Monday, October 3, 2011

Books for Writers: Breaking up "Ship Breaker"

             I picked up Paolo Bacigalupi’s Ship Breaker the other day because he and I are writing on the same page. Ship Breaker deals with a near-future dystopia caused by environmental collapse; my manuscript deals with a near-future dystopia caused by environmental collapse. His protagonists are teens; my protagonists are teens. Our list of similarities goes on. Our primary difference is that Ship Breaker was written for the young-adult audience in mind, and in my Leaving Home I’m aiming for the middle, transitional audience. (How — and if — Leaving Home ends up marketed is a different post altogether.)
I cracked open Bacigalupi’s world in hopes of learning three things from the National Book Award finalist:  One, how to create a world that is wholly familiar but totally alien to our own. Two, how to deliver a message in a story without, you know, making it read like a message. Three, how to use character dialog to show cultural divides among age mates.

One: Bacigalupi accomplishes the first by a trick of latitude and longitude. His main character's titular occupation, a scrap-yard scavenger, was inspired by modern-day workers in Bangladesh. By moving the Third World to a familiar location, in this case the Gulf Coast of the United States, Bacigalupi creates a world that is both familiar and foreign. There's enough recognizable to make the dystopian elements seem real.
“Tick-Tock's dad claimed that none of them would grow that big anyway, because of the calories they didn't eat. Said that people up in Seascape Boston were tall, though. Had plenty of money and plenty of food. Never went hungry. Got fat and tall ...” (Ship Breaker, page 12)
Another tactic Bacigalupi adopts in this vein is to avoid using specific dates. His Ship Breaker is set sometime in the next 100 years or so, but he never tells exactly when. The reader just knows it's been long enough to get bad. Turns out, time-certain avoidance was a conscious choice.
“Honestly, when I write, I try to avoid actually putting a specific date on it,” Bacigalupi told Francesca Rheannon on her radio program The Writer's Voice, on April 11 this year. “I'm always aware of George Orwell's '1984' being time-stamped with obsoletion [sic], sort of. Even as it becomes more relevant. And so I try to avoid putting dates on anything. There's a general sense that it's 100 something years forward but I never actually try to nail that down too closely. Because I don't want the reader to get distracted by expecting this event by this time point or that even by that time point.”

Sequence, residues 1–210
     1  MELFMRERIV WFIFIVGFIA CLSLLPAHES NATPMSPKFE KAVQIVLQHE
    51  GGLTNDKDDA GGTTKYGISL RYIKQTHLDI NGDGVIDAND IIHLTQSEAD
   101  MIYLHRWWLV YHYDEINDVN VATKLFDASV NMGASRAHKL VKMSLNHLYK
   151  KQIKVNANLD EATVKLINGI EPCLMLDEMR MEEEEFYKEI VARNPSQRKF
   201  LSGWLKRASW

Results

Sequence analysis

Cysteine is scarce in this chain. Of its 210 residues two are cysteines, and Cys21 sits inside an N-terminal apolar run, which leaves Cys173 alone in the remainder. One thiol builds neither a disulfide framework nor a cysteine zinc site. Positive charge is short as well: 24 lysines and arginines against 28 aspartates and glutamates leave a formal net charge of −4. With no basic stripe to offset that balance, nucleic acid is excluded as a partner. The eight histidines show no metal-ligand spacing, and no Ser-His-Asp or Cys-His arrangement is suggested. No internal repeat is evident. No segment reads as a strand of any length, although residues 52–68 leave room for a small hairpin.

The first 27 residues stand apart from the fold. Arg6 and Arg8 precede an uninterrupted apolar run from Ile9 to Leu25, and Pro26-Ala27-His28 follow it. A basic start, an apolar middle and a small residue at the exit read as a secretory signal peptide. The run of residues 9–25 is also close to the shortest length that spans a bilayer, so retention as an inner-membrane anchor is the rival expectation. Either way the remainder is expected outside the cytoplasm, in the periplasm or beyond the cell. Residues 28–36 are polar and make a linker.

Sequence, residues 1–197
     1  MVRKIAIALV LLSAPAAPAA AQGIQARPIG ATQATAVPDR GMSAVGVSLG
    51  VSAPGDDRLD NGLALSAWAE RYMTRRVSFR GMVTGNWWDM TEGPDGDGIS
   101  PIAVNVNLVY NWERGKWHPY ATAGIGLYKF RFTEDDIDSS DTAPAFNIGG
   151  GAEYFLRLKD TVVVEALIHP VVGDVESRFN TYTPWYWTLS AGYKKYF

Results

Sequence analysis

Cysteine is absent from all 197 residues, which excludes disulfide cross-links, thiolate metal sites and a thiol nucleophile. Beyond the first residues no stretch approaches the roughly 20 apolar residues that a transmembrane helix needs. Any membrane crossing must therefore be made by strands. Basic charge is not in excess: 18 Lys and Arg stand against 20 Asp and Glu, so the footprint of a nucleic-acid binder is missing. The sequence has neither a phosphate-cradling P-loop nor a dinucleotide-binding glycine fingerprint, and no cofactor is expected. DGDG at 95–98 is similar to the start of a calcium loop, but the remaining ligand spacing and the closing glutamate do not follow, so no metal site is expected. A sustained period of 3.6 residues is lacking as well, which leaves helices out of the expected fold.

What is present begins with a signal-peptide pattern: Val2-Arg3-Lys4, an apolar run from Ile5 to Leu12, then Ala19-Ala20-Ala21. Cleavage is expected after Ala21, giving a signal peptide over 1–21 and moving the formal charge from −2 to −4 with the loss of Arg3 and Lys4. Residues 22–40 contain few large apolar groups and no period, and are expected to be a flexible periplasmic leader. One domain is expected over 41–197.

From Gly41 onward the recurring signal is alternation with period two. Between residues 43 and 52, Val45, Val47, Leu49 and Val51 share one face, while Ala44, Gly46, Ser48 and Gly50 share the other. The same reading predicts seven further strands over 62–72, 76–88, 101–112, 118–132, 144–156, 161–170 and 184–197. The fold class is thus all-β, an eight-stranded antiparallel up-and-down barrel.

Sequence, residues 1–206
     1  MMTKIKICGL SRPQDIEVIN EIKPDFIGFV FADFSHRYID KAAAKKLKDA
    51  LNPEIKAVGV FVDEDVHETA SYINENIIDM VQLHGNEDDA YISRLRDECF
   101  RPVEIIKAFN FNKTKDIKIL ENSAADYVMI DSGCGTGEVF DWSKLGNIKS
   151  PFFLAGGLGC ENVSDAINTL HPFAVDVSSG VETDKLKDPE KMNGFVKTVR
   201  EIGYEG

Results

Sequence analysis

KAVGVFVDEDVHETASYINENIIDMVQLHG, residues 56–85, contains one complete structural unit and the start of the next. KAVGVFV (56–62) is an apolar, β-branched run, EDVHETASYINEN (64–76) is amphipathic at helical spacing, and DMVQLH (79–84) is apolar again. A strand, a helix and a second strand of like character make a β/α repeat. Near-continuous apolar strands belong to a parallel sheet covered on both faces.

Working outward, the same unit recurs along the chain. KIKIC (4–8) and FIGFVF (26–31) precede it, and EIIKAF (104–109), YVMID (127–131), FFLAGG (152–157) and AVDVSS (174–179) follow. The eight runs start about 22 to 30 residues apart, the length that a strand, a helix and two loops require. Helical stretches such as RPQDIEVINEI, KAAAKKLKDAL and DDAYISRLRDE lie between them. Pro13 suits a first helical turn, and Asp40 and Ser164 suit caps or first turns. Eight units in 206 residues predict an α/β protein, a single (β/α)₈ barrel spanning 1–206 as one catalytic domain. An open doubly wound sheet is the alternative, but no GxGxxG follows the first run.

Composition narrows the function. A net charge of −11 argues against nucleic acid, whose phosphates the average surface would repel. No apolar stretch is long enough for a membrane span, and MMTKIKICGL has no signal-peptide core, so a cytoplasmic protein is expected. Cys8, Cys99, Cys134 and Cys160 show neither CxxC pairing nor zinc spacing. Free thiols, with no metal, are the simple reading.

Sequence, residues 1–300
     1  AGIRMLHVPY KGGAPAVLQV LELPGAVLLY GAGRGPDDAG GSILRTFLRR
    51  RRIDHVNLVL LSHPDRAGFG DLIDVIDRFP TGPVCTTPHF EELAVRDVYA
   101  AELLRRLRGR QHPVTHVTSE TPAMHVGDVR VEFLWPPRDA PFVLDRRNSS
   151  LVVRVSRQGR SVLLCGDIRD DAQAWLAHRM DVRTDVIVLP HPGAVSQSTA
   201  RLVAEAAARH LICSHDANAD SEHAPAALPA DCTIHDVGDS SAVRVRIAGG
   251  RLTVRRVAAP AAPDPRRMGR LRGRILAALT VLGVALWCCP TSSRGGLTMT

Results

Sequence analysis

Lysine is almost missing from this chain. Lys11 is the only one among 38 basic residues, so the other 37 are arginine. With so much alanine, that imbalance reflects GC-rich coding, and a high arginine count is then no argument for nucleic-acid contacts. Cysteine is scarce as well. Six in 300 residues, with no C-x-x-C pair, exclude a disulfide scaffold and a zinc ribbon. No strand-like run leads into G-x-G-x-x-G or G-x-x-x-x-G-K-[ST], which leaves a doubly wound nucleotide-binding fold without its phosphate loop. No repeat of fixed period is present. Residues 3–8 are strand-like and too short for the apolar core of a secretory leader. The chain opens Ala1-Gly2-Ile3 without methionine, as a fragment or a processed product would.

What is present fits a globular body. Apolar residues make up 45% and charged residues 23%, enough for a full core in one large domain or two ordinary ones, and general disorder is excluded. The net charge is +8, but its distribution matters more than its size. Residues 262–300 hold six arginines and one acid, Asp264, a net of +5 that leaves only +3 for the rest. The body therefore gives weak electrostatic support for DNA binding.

This is a kind of show-don't-tell strategy that allows the reader to fill in the blanks on his or her own. The readers comes to her own conclusion, thus buy more deeply into Bacigalupi's world.
Two: In speaking to Rheannon,  Bacigalupi freely admits Ship Breaker is meant to convey a warning.
“The whole purpose of Ship Breaker,” he said in the interview, “is to really to give young people a chance to see the society that we're handing off to our children. We're handing off a society that that has fewer resources, fewer options and more challenges than we were given, and that's a generational failure.”
Bacigalupi says his adult fiction is grimmer, because “adults don't deserve hope.” He conveys this message by wrapping it in a story with compelling characters and plot, with plenty of action (and a potential love interest and a dog man) to keep the YA audience interested. Still, he told Rheannon, he wonders if Ship Breaker misfired, if the book is too much fun to make people think.